On March 19, 1942, my cousin Chaim Blaustein, who was a butcher, asked me to come to his house early the next day. He had acquired some meat which he wanted me to distribute to his good paying customers. As a reward for my efforts, he would also give me some meat. On the 20th of March 1942, I went to my cousin at 6:00 a.m. His house was located across the street where butcher stores used to be. He gave me the packages of meat and told me where to deliver them. By that time, it was 7:00 a.m. As I came out of the house, I glanced to my left, which was facing the Ukrainian church (cerkwia). All of a sudden, I noticed approximately five Gestapo men (normally Gestapo men did not come into the ghetto; they were stationed in Stanisławów); they were taking rifles from their shoulders and started to shoot people around them. It was still early in the morning so there were not too many people on the streets. I ran back into the Blaustein’s house. In their building there was a passage which led to another street. I thought that from this street I would be able to make it to my house and inform my family what was going on. But when I came to the other end of the passage, I saw Gestapo men also in this vicinity shooting people as well. I realized that I could not run any further because I would get shot. I ran into the closest house. The people in this house were still asleep; I knocked hard on their door. The name of the people who lived in that house was Cytryn. Finally, they opened the door; when I told them what was happening, they did not believe me, they ignored me. They did not believe that something like this could happen. But when they looked out of the window, they realized that what I told them was true.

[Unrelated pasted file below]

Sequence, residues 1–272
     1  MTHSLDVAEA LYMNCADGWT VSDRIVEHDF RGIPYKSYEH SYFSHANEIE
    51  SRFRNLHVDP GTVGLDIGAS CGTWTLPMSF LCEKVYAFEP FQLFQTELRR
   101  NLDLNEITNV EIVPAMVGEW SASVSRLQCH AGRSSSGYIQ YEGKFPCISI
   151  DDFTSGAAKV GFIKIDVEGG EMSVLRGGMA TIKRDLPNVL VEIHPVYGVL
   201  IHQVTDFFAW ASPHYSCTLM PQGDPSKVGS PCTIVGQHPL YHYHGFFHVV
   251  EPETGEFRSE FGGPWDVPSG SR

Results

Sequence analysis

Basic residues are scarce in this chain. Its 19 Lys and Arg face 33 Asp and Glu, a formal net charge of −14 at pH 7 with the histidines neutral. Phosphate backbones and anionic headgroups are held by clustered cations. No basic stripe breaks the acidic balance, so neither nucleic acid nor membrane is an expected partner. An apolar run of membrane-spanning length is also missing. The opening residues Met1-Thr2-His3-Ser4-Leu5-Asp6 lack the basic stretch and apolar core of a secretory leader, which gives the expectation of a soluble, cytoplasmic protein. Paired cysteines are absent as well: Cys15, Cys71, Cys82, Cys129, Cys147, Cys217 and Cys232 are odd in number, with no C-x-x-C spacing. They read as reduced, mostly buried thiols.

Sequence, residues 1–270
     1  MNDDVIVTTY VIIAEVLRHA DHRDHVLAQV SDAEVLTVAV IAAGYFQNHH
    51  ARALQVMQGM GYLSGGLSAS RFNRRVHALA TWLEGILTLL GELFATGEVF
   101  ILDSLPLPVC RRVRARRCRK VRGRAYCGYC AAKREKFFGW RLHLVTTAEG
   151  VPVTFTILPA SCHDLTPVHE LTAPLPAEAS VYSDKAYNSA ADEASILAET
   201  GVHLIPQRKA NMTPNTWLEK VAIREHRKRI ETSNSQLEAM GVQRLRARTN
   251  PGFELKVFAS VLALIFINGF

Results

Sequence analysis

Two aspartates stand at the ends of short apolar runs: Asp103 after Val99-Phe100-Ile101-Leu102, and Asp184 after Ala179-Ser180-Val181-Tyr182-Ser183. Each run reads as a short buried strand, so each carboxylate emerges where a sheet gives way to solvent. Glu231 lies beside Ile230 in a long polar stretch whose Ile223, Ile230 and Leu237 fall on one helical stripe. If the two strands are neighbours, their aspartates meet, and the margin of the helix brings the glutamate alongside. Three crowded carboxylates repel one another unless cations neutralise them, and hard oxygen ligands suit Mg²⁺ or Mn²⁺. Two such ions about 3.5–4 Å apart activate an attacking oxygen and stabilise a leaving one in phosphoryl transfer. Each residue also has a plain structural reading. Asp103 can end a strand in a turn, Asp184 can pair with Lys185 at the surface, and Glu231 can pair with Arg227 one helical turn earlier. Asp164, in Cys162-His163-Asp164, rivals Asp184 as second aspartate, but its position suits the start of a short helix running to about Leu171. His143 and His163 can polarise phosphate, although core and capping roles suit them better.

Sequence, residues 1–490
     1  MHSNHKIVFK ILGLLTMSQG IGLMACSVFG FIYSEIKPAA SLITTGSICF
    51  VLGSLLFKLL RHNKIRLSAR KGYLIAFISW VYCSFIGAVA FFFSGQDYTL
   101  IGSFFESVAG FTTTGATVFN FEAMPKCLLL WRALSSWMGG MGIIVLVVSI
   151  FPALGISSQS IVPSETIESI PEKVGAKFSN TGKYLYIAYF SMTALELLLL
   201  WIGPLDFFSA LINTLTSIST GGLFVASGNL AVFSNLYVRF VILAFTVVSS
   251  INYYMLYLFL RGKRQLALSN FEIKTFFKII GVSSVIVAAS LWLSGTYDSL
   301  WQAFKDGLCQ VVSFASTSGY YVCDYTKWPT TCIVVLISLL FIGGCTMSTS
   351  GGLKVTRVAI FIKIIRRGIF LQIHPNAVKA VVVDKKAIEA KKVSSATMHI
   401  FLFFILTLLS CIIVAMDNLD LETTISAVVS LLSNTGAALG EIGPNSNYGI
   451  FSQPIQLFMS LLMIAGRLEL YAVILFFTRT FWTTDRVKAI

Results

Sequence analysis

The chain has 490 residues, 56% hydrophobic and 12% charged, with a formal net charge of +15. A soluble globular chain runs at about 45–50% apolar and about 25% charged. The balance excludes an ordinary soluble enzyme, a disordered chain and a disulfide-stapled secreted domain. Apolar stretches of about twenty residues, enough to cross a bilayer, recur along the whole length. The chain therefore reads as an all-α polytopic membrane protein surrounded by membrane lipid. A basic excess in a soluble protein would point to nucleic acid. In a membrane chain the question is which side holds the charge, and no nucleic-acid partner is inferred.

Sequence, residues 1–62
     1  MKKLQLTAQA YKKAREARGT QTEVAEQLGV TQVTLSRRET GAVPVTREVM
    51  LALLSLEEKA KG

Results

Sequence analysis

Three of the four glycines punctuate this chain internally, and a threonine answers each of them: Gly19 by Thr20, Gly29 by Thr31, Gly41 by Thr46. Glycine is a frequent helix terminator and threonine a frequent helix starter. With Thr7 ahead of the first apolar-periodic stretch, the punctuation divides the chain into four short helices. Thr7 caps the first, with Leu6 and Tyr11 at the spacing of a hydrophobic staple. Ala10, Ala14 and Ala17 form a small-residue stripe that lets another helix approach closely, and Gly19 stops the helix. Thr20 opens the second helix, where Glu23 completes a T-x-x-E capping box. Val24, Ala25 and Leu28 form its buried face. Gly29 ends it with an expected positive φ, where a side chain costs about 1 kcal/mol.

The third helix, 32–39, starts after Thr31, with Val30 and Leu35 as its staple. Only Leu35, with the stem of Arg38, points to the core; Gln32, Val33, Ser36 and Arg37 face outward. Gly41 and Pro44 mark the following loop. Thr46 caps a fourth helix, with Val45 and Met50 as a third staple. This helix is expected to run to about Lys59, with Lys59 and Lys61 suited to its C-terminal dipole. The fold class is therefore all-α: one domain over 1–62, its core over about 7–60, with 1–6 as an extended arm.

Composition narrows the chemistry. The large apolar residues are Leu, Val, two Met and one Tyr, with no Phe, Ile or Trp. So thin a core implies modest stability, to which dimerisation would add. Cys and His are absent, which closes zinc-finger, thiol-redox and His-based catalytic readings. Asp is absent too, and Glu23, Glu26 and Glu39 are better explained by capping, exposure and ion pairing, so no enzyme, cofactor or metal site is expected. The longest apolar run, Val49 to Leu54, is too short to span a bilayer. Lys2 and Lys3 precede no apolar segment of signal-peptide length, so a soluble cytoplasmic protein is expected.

By that time the Gestapo men were approaching their house. We locked the door. The Gestapo men started to scream “Verfluchte Juden, Raus!” (Damned Jews, Out!). They ripped the door open and barged into the house. They started to take five or six people out of the house, lining them against the fence and shooting them. There were approximately 30 people in that house; there were small children, old people, and pregnant women. I still hear their screams when I cannot sleep at night. Somehow, I managed to be the last in the line to be dragged out. Finally, I noticed that I was next in line. When I saw that they were coming closer to me, I noticed a closet (wardrobe) nearby. I crawled and jumped into this closet. (When I think now about it, I felt like something pulled me into this closet.) I hung on with all my strength in that closet. When it quieted down and the screams stopped, I knew that everybody was shot. Two Gestapo men came into the room where I was in the closet. One Gestapo man said to the other: “There was a young fellow here” (ein junger Bursch). But the other Gestapo man replied: “I finished him off.” Then they left.